Chris has a master's degree in history and teaches at the University of Northern Colorado.
Chinese Language and Civilization
When asked to define the concept of civilization, many historians look to the advent of writing. Writing is one of the cornerstones of civilization, and perhaps nowhere was this more true than in China, which has long held a deep obsession with the written word, influencing its culture in forms ranging from poetry to imperial recordkeeping.
Looking for the origins of writing in Chinese history is no small task. You may as well be looking for the origins of Chinese civilization itself. Well, considering the incredible longevity of Chinese culture, it's no surprise that to study the development of writing we have to go way, way back.
Earliest (Possible) Inscriptions
So, when did writing first appear in China? That's a good question, and one which scholars have debated for a long time. There are some people who think that Chinese writing may have truly ancient roots, dating as far back as the Ban Po settlement, inhabited between 4500 and 3750 BCE.
At Ban Po, archeologists have discovered a number of pottery shards, which is pretty normal for a village of this time. What's interesting, however, is the frequent repetition of images and symbols inscribed onto these shards. While no one's been able to interpret them, some people think that these images are used consistently enough to represent a very early form of written language.
Divining a Language
The Ban Po shards are interesting, but claims that they represent a written language are controversial at best. There just isn't enough evidence. Eventually, however, that ceases to be true. In the Shang Dynasty (1600-1046 BCE), a genuine written language bursts onto the scene.
So where do we find this language? Books, scrolls, the walls of tombs? Nope. The writing of the Shang Dynasty, China's first writing system, is found exclusively on bones. Why?
Shang society was obsessed over predicting the future, and had a special class of priests (or possibly priestesses) devoted to the art of divination. Here's how it worked: the diviner would write a question onto the bone of an ox shoulder or turtle shell, toss it in the fire, and wait for it to crack. The crack was then interpreted as either a yes or no answer to the question. So, in order for the divination to work, the diviners had to have a written language to use. This was China's first true system of writing. We call it Jiaguwen.
In all honesty, this ancient writing script was likely developed outside of just divining the future and may have been written on scrolls, wood, and even silk. Unfortunately, those rapidly decomposable materials have been lost to time so all we have left are the oracle bones, and there are quite a few of them. The Shang rulers liked knowing the future, and they clearly appreciated the nearly magical role of writing in the ritual.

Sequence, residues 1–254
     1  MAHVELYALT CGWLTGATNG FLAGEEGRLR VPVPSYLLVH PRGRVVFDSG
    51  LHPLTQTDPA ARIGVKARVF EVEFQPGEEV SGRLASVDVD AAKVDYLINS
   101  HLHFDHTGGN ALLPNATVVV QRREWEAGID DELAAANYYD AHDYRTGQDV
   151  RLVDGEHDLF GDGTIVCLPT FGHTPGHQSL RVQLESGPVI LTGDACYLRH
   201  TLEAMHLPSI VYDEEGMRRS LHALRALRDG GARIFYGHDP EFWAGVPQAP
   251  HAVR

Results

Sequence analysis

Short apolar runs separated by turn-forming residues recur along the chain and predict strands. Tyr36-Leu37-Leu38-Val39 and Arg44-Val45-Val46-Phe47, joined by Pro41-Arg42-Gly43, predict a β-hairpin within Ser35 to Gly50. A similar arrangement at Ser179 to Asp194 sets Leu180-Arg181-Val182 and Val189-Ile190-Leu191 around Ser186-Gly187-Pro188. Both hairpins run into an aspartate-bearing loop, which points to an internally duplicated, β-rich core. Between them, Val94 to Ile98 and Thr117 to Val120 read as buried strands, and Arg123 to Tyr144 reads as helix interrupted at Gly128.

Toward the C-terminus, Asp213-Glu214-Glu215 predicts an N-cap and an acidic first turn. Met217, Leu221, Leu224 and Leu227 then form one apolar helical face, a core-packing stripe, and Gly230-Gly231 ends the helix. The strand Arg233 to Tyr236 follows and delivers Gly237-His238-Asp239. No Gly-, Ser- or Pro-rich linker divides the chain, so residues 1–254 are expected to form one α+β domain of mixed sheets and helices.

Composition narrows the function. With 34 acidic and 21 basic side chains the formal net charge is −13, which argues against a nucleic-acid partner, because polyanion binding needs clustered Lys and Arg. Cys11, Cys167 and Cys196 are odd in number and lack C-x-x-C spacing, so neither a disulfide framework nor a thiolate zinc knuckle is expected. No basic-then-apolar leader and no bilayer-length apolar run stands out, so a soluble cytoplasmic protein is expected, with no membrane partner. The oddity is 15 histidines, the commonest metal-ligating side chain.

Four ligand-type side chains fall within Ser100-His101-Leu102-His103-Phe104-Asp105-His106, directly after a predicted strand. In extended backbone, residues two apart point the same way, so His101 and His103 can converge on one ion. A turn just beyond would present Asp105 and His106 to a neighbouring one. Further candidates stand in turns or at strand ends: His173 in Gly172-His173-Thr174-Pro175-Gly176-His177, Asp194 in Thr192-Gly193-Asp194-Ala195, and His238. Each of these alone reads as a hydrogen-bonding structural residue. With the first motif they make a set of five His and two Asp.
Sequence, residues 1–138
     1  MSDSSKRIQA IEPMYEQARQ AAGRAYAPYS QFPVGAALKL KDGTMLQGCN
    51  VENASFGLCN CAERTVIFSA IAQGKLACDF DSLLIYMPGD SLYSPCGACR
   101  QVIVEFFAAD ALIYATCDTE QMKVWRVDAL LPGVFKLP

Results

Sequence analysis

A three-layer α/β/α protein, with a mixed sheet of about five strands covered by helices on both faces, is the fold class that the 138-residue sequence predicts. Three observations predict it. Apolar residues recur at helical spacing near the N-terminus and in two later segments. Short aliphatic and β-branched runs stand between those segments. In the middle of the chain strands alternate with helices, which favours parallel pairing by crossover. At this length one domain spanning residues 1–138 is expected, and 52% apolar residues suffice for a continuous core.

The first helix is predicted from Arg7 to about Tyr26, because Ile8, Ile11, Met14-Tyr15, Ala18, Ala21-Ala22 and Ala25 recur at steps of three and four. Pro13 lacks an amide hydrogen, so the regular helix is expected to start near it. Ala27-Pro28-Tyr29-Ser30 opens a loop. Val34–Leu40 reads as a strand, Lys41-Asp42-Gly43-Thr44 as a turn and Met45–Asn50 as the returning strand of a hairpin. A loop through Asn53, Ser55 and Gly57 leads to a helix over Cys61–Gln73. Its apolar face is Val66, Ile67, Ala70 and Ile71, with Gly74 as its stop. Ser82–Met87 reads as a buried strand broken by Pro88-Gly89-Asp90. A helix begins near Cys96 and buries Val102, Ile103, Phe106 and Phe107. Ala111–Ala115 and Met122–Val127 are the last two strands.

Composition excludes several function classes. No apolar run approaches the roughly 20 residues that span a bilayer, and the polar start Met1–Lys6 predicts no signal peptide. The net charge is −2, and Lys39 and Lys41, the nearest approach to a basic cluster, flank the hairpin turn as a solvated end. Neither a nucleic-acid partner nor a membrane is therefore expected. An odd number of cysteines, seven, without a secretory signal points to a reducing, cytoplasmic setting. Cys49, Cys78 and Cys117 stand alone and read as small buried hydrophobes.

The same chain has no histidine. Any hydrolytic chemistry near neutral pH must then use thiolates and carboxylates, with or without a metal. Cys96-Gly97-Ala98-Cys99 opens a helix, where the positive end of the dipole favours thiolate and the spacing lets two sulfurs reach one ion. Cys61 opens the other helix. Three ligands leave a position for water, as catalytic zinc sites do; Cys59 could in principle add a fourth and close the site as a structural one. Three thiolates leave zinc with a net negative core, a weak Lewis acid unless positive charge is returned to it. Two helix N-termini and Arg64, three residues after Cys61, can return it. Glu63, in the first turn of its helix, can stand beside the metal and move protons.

Development of Chinese Characters
So, what did Jiaguwen look like? Jiaguwen was a pictographic language, which means that each symbol represented an idea or object, not a sound. For example, the Jiaguwen character for a fish would not have represented the phonetic sounds of the Chinese word for fish, but instead represented a fish itself. As a result, most Jiaguwen characters look pretty similar to the things they represent.
The problem was that it was hard to make complete sentences this way. It wasn't efficient, and as the Chinese emperors began transforming writing into a tool for imperial recordkeeping, the written language needed to evolve.
From around 1000-700 BCE, Chinese society developed a pictographic script with new characters, some of which represented ideas and abstract concepts that help create sentence structure (not just physical objects in the world). The new scripts that emerged in this time began appearing on impressive bronze bells and plates that distinguish the era.
Following this, the Chinese script expanded into a number of regional variations and different styles. The person to unify them together was Qin Shi Huangdi, first emperor of the Qin Dynasty (221-207 BCE). Under the Qin, Chinese characters were simplified and standardized, becoming a single script that was utilized across China. Since the characters represented ideas, not sounds, this script could be used regardless of dialect and was instrumental in the founding of the true imperial system.
China's script continued to evolve, becoming less representational over time. By the Han Dynasty (206 BCE-220 CE), the pictorial aspect of Chinese characters was virtually gone. Interestingly, there are some Chinese characters today that can clearly trace their lineage back to the very first Jiaguwen pictographs, making this a language that is simultaneously ancient and constantly evolving. It's an irrevocable part of Chinese civilization and as much a part of China's history as anything else.
Chinese civilization is truly ancient, as is its writing system. While some claim that pottery shards at Ban Po contain proto-writing, the earliest definitive examples of Chinese writing are found on oracle bones of the Shang Dynasty (1600-1046 BCE). This ancient writing system, called Jiaguwen, was pictographic, meaning each symbol represented a physical object. Later scripts would become more abstract, using characters to represent a variety of ideas until a single script was standardized under the Qin Dynasty.
To unlock this lesson you must be a Study.com Member.
Create your account
Register to view this lesson
Unlock Your Education
See for yourself why 30 million people use Study.com
Become a Study.com member and start learning now.Become a Member
Already a member? Log InBack
Resources created by teachers for teachers
I would definitely recommend Study.com to my colleagues. It’s like a teacher waved a magic wand and did the work for me. I feel like it’s a lifeline.